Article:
An E-Book UI That Lets You Flip Digital Pages, Just Like A Real Book

Why can’t we thumb and flip through e-book pages as easily as real ones?

An E-Book UI That Lets You Flip Digital Pages, Just Like A Real Book

If a book is good, you should be so immersed in it that you don’t care how far you’ve read or how much further there is to go. Does that sound like a good rationalization for the generally terrible navigation schemes that we put up with in our e-books? I love my Kindle, but using percentages instead of page numbers makes me feel like I’m reading a calculator instead of a book. And god forbid if I want to casually flip around in a short-but-sweet book like this one, looking for interesting passages to blog about–no, I have to query it like a database using search terms. E-books are great in many ways, but serendipitous they ain’t.


What if there were a way to tactilely navigate through an e-book in the same intuitive way we do with paper pages? Some folks at the KAIST Institute of Information Technology Convergence cooked one up:

This won’t help me with my Kindle issues, but iPad and tablet users, rejoice and flip to your heart’s content! If Apple implements something like this prototype, your problems will be solved.

Or will they? KAIST’s prototype, which relies on literal visualizations and implementations of page-turning behavior, will surely send detractors of skeuomorphic interfaces into apoplectic fits. “There are no pages,” they’ll shriek. “Why am I being forced to use a crappy simulacrum of a physical object?! Have these idiots not read “Pictures Under Glass”!? This is the 21st centu–grrk…” (That’s the sound of arteries in their brains exploding.)

I don’t have quite that level of contempt for interfaces that dare to use metaphors from the physical world, but there is something uncanny-valley-ish about KAIST’s idea. It’s gets too close to physical-book-like interaction without being an actual book, which may actually be worse than the clunky navigation UIs that e-books already have. Yes, you can flip virtual pages with your fingertips, even several at a time, and other pseudo-papery interactions. But you can’t do everything you would with paper pages–like dog-ear them, buzz the corners like a flip-book, or whatever else a dead-tree book affords.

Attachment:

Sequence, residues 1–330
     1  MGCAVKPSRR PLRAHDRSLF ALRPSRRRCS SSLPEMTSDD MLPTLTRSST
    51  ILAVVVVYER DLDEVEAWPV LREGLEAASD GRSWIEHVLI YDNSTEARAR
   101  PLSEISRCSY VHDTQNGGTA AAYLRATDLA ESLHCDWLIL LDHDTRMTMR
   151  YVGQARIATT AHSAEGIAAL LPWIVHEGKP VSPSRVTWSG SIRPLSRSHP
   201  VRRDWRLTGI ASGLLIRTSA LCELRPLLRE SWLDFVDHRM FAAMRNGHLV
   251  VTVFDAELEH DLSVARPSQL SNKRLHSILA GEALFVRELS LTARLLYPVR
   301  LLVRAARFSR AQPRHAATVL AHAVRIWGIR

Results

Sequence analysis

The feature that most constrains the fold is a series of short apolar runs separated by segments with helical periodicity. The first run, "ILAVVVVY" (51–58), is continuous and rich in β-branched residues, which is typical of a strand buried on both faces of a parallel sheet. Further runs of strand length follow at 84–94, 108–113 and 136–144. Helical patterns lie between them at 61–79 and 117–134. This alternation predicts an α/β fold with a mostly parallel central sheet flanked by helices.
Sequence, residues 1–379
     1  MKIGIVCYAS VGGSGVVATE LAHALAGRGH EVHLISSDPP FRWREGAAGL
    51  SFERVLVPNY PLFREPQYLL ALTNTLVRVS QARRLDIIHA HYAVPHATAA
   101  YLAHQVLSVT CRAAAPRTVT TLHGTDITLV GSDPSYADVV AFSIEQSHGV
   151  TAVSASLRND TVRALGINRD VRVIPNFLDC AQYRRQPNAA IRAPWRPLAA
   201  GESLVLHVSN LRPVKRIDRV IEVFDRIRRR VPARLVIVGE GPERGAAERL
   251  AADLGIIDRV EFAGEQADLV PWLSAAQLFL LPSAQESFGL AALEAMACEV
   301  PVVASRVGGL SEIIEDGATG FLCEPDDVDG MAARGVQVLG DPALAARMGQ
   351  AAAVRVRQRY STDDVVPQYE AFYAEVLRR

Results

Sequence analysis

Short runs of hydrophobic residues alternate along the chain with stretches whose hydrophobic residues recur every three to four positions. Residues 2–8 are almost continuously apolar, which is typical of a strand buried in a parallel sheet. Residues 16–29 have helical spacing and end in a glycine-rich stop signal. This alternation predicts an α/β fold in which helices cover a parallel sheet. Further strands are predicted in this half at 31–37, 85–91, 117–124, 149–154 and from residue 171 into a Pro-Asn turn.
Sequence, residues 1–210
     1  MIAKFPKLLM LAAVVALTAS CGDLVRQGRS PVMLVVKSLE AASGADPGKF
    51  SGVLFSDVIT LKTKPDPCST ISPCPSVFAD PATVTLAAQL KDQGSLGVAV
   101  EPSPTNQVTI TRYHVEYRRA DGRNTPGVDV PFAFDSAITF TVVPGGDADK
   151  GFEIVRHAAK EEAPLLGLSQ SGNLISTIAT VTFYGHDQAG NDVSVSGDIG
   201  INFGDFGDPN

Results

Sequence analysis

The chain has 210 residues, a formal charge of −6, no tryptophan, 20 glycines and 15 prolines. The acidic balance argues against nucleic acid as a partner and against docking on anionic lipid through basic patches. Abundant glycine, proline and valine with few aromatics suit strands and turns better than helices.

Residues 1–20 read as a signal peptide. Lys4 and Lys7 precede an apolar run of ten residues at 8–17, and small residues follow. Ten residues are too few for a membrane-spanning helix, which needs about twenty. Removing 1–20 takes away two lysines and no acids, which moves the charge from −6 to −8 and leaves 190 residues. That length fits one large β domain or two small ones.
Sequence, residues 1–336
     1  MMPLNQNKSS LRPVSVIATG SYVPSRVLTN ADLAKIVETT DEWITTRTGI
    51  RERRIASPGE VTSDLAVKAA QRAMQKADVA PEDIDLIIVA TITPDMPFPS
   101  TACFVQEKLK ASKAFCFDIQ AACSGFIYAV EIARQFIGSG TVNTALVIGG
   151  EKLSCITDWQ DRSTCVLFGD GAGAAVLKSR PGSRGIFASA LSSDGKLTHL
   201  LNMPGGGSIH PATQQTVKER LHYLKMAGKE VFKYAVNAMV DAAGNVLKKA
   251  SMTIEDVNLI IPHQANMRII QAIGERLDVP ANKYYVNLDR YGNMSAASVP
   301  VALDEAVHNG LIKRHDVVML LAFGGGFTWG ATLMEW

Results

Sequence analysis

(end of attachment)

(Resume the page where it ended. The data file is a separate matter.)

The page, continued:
And that’s the trouble. Not that the ideal e-book nav interface would let you do something as silly as buzz the corners of virtual pages–but that it wouldn’t, in essence, lie to you. That’s the trouble with hyper-skeuomorphic UIs like the one KAIST created: They overpromise and underdeliver. They present the appearance of a full set of physical affordances when only a tiny fraction of them are actually available (because the designers programmed them in). Which means you have to guess, and inevitably get things wrong.

A page-flippable interface like KAIST’s isn’t going to let you do everything you expect it to, which means it’s just another language you have to learn. Like the fact that swiping with three fingers turns three pages. (Does your paperback do that?) Or that swiping slowly with one fingertip turns one page, but swiping quickly with one fingertip turns four pages. (Wha…?) The irony is that if KAIST’s interface were actually “intuitive” in the way that skeuomorphic UIs are meant to be, it wouldn’t require a two-minute-long video carefully explaining all of the different gestural commands on offer. What’s annoying about this kind of UI isn’t that you have to learn what it does. It’s that you have to unlearn what it doesn’t do.


So what would a genuinely “intuitive” navigation scheme for e-books look and feel like? Something familiar enough to be easy–which is where a touch of skeuomorphism comes in handy–but “alien” enough to not send us down blind alleys of preconceived notions that no longer apply. This guy seems to have figured it out for typing on the iPad. Before long, someone else will figure it out for reading, too.

[Image: Svetlana Lukienko/Shutterstock]

About the author

John Pavlus is a writer and filmmaker focusing on science, tech, and design topics. His writing has appeared in Wired, New York, Scientific American, Technology Review, BBC Future, and other outlets.